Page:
American Elephants

World’s Largest Solar Plant Wants Federal Grant to Pay Off Federal Loan. by The Elephant's Child


It all seemed so wonderful. The earth would be illumined by the natural power of the sun and the wind. No more smelly fossil fuels polluting the air, just warm, natural sunlight and gentle breezes. Lovely, lovely pipe dreams.

Ivanpah is the largest solar thermal plant in the world. It went live commercially in February, 2014. It is a five square mile layout of nearly 350,000 computer-controlled mirrors, each about the size of a garage door. They reflect sunlight to boilers at the top of 450 foot-tall central towers, taller than the Statue of Liberty. The boilers generate steam which drives turbines to produce electricity.

The mirrors follow the trajectory of the sun. The mirrors incinerate birds in puffs of smoke — they call them “streamers.” The plant is located near the California-Nevada border, about 45 miles southwest of Las Vegas. It’s a $2.2 billion complex of three generating units, which together are capable of producing nearly 400 megawatts — enough to power 140,000 homes. Major hazard to airplanes.

The complex is owned by NRG Energy, Google and BrightSource Energy. Google said in 2011 that it would invest $168 million in the project while BrightSource contributed $1.6 billion in loans guaranteed by the U.S. Department of Energy. This is a big deal for solar, as it presently accounts for less than 1 percent of the nations power needs.

The Ivanpah solar electric generating plant is owned by Google and renewable energy giant NRG, which are responsible for paying off their federal loan. If approved by the U.S. Treasury, the two corporations will not use their own money, but taxpayer cash to pay off 30 percent of the cost of their plant, but taxpayers will receive none of the millions in revenues the plant will generate over the next 30 years.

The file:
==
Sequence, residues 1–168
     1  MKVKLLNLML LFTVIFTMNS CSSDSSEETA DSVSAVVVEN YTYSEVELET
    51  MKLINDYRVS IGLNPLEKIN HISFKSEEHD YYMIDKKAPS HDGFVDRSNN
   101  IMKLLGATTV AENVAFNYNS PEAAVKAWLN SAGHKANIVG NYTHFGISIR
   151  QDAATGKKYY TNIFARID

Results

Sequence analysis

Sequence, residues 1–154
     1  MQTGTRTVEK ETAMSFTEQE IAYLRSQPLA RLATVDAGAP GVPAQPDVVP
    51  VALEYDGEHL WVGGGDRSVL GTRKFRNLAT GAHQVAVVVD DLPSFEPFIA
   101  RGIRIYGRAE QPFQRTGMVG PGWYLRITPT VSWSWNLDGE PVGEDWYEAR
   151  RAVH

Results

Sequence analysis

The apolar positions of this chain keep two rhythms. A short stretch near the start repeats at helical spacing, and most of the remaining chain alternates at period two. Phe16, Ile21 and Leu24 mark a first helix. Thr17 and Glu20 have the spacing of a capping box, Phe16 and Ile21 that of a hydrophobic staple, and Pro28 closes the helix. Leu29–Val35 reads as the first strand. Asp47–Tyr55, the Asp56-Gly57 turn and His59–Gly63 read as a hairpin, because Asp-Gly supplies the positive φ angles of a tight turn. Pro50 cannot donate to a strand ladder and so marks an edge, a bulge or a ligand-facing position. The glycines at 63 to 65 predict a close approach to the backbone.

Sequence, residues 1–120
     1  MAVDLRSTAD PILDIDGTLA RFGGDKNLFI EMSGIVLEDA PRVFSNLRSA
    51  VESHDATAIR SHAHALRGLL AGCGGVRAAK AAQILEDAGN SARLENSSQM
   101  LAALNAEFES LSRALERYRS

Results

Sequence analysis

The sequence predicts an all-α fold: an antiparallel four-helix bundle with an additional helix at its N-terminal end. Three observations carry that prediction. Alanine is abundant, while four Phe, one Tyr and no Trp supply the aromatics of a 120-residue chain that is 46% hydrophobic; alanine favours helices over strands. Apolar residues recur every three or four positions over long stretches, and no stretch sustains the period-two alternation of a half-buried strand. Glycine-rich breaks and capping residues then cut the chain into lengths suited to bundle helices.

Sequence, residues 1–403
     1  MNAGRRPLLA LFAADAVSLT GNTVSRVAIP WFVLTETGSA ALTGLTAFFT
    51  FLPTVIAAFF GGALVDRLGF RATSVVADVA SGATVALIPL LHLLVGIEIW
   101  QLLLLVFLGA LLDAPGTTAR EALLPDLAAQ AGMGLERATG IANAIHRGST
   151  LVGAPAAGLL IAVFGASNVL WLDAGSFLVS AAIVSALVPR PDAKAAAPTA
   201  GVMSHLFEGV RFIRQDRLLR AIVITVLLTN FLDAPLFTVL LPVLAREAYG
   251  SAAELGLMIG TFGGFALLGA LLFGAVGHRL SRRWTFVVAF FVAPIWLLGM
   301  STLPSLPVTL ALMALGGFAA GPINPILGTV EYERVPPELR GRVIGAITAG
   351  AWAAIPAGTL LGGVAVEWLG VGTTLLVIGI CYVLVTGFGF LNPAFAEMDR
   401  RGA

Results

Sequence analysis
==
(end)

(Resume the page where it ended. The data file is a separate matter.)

The U.S. Energy Information Administration data say the cost of generating a megawatt-hour of power in a traditional coal plant is around $100.  For solar-thermal power, the cost goes up to around $261 for generating a megawatt-hour of power. And this makes sense because?

The Mojave Desert plant was built with the aid of a $1.6 billion federal loan guarantee. For the eight-month period from January through August, its three units generated 254,263 megawatt-hours of electricity according to U.S. Energy Information Administration data. That is roughly one-quarter of the annual one million-plus megawatt-hours promised. 

Output picked up in the sunny months of May, June, July and August, but even the higher production rate  would translate to annual electricity output at least 40 percent below target.

Another sign of the plant’s early operating woes: In March, the owners sought permission to use 60 percent more natural gas in auxiliary boilers than was allowed under the plant’s certification, a request that was approved in August.

Note: The plant requires backup from natural gas. (The sun drops beneath the horizon at night). Growing pains? There’s a realization that the plant needs to boost its natural gas consumption. The sun didn’t shine enough.

The fuel is used with auxiliary boilers that prime the system in the early morning, allowing the plant to begin generating electricity as soon as possible after sunrise; to maintain performance during intermittent cloud cover; and to eke out more energy as the sun fades at the end of the day.

California power companies, mandated by the State of California, are required to provide 30% of their power from “renewable” resources.  Since Ivanpah isn’t producing enough electricity to meet payments on its loan, Google and NRG are quietly asking the Department of Energy for a $540 million federal grant to pay down their $1.6 billion loan, and to ge an extension on loan payments until the ARRA tax credits arrive.

Google and NRG want the taxpayers to pony up for another $540 million grant — because the sun isn’t shining as much as they thought it would.

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